Slouching toward Infineon Raceway?
In 1974, Sonoma's own Maryetta Boitano Blanchard sprinted across San Francisco's Bay to Breakers finish line into Bay Area history, becoming the youngest runner to win the race at a mere 10 years old. Now 48, she's once again running the lauded annual footrace where she will be wearing bib number 1974 to commemorate her prior victory.
Though, theoretically, Blanchard is up for a repeat, it's highly unlikely that she will break her previous record. If the space-time continuum bends in her favor, however, and she crosses the finish line having shed 38 years en route, she will have faced some stiff competition from the others in the 10-year-old category, let alone the quantum physicists who will also be running this year. And that's just some of the excitement we can anticipate at this year's race. That and sobriety. Apparently, booze is now verboten at the race, which will make it all the more challenging to break the record of taking the most amount of time to cross the finish line. Some analysts say that the laggard division could see several hours if not whole days fall off their run times.
Now, so far as I can recall, a few entrepreneurial running enthusiasts have endeavored to establish annual footraces of one kind or other in Sonoma, but seeing as I can't bring to mind any of their names I'm left with a couple of possibilities. A) Clearly they're not targeting me with their promotion so why would I know about them - in fact, if I did know about them, something must have gone terribly wrong, like choosing big tobacco as a sponsor; or B) There aren't any whacky costumes involved.
I'm going to surmise it's a bit of both.
To brave the streets of Sonoma after our transient tourist population has spent the day in tasting rooms takes a certain kind of courage best reserved for mortal combat or childbirth. This tells me our past running events have thusly been staid, serious affairs to have attracted such brave participants.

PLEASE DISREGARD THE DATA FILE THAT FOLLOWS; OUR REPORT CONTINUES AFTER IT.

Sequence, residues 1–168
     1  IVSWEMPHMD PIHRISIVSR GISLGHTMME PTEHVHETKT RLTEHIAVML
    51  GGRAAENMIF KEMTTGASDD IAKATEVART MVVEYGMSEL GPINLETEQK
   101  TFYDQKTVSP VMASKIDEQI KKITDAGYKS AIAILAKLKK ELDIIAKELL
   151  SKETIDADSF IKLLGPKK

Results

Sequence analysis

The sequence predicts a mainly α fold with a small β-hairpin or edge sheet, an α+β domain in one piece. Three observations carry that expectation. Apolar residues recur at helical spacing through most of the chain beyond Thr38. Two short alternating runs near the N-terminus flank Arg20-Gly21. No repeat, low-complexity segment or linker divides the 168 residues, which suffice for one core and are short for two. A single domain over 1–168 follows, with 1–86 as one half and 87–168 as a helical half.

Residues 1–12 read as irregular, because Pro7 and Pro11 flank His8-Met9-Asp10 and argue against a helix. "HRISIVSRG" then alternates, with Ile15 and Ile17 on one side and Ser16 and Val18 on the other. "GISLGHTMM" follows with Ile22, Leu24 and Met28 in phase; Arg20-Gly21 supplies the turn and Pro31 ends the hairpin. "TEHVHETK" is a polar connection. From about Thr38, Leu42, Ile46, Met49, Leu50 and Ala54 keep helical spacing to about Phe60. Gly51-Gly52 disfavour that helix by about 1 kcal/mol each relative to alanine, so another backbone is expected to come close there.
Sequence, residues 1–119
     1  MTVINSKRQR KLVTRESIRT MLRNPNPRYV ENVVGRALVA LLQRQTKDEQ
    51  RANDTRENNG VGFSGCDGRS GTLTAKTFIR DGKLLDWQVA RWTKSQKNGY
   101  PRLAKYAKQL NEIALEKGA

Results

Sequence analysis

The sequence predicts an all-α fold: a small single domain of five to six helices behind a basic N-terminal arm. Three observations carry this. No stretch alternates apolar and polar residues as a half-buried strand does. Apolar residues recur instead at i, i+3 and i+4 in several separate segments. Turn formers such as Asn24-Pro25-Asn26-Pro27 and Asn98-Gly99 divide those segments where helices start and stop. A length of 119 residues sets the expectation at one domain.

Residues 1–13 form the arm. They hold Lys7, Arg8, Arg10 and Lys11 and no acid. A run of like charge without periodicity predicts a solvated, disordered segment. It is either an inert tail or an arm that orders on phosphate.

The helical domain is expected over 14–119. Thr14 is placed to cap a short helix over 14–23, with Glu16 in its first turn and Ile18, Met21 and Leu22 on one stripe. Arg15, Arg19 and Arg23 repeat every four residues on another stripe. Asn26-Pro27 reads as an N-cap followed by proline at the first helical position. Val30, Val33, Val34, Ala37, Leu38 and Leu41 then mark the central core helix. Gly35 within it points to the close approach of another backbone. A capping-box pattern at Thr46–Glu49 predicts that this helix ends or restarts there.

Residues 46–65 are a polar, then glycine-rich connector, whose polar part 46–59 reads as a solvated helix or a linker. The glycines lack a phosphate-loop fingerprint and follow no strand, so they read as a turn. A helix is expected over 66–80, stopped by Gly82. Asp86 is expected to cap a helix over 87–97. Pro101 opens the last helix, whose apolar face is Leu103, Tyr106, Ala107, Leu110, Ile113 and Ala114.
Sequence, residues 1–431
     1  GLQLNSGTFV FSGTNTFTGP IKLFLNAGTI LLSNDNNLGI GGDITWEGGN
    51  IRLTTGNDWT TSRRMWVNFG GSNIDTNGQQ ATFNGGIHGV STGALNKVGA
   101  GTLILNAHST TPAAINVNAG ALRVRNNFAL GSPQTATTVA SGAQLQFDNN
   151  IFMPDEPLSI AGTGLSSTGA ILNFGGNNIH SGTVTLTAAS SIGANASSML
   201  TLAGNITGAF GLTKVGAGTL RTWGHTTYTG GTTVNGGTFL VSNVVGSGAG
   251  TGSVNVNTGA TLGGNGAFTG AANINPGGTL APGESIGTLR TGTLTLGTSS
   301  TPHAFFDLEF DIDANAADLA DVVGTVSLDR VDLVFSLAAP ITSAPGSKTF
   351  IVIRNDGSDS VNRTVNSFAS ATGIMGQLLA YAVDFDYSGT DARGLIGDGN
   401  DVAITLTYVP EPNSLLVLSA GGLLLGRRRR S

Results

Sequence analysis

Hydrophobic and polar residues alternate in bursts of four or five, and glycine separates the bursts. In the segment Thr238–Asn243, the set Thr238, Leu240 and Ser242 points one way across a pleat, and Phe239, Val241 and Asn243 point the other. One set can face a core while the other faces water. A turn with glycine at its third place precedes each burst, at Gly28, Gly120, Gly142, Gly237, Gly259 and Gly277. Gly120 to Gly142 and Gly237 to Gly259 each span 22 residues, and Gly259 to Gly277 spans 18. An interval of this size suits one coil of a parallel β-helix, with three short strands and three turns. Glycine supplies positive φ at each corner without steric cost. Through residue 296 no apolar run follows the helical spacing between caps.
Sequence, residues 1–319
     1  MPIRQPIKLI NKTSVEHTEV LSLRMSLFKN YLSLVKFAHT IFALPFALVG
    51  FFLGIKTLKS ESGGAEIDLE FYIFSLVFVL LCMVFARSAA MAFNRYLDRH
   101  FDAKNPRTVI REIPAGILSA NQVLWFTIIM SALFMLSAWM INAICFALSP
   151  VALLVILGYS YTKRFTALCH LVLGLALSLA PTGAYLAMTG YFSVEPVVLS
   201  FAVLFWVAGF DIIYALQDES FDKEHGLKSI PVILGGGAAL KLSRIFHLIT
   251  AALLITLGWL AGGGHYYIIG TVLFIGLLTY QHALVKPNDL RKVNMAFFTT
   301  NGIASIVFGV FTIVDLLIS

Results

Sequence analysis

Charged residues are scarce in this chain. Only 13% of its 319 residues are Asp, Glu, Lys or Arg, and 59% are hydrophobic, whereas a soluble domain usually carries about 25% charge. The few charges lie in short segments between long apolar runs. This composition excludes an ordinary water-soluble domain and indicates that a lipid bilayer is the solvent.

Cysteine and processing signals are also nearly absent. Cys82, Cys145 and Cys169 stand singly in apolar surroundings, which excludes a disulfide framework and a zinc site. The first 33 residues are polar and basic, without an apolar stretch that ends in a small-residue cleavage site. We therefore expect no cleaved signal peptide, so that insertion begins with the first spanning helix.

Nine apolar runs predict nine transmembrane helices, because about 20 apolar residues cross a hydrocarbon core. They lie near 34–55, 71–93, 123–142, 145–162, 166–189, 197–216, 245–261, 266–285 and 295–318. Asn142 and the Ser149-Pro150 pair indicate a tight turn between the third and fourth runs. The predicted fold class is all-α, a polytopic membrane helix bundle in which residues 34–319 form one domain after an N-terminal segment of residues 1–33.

If, however, Sonoma had a race that was an invitation to lunacy like the Bay to Breakers, replete with madcap, Dada-themed costumes (truly the only place one might see a centipede trying to outpace a pantomime horse), we might be on to something. What that is, I'm not entirely sure but I bet some corporately-owned winery would put a logo on it. Or we could think outside the box and use some circular reasoning, as in our local raceway, which scored a corporate sponsor for a bunch of cars driving in a circle. Does anyone know what an "infineon" is anyway? It sounds like something Lex Luther would use to drug Superman (which means it's far more potent that anything you can get in the Springs - you've been warned).
Like a lot of men of my admittedly louche disposition, I can't recall either the last time I ran or cried but I suspect that one likely preceded the other. OK, it was yesterday, but the circumstances are too embarrassing to detail here (suffice it to say, a certain bus driver better watch his back).
It occurs to me that for a certain segment of my readership, I should define what a footrace actually is. Contrary to my iPhone's autocorrect, it's not a "foo trace" which sounds like something the FBI would do with a warrant and a lunch special. A footrace is a competitive run, on foot, between other runners with a predetermined terminus whilst wearing arbitrarily-numbered bibs. Mine, of course, would probably be a negative.
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Daedalus Howell smokes infineons at SonomaReporter.com.